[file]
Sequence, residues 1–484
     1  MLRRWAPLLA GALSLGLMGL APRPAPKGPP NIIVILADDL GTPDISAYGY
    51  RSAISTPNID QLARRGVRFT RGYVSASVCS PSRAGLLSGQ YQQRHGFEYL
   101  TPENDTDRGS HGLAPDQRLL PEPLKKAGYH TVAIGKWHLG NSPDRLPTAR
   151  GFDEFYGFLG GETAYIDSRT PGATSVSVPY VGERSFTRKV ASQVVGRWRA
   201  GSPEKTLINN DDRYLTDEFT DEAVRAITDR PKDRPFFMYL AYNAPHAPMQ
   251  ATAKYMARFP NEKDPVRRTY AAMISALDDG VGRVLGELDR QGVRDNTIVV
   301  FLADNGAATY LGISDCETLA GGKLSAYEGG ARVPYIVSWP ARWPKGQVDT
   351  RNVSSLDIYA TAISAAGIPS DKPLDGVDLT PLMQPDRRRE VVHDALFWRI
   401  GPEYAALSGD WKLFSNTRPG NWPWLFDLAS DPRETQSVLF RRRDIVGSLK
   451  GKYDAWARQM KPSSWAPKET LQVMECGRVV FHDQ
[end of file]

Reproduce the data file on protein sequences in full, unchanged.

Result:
Sequence, residues 1–484
     1  MLRRWAPLLA GALSLGLMGL APRPAPKGPP NIIVILADDL GTPDISAYGY
    51  RSAISTPNID QLARRGVRFT RGYVSASVCS PSRAGLLSGQ YQQRHGFEYL
   101  TPENDTDRGS HGLAPDQRLL PEPLKKAGYH TVAIGKWHLG NSPDRLPTAR
   151  GFDEFYGFLG GETAYIDSRT PGATSVSVPY VGERSFTRKV ASQVVGRWRA
   201  GSPEKTLINN DDRYLTDEFT DEAVRAITDR PKDRPFFMYL AYNAPHAPMQ
   251  ATAKYMARFP NEKDPVRRTY AAMISALDDG VGRVLGELDR QGVRDNTIVV
   301  FLADNGAATY LGISDCETLA GGKLSAYEGG ARVPYIVSWP ARWPKGQVDT
   351  RNVSSLDIYA TAISAAGIPS DKPLDGVDLT PLMQPDRRRE VVHDALFWRI
   401  GPEYAALSGD WKLFSNTRPG NWPWLFDLAS DPRETQSVLF RRRDIVGSLK
   451  GKYDAWARQM KPSSWAPKET LQVMECGRVV FHDQ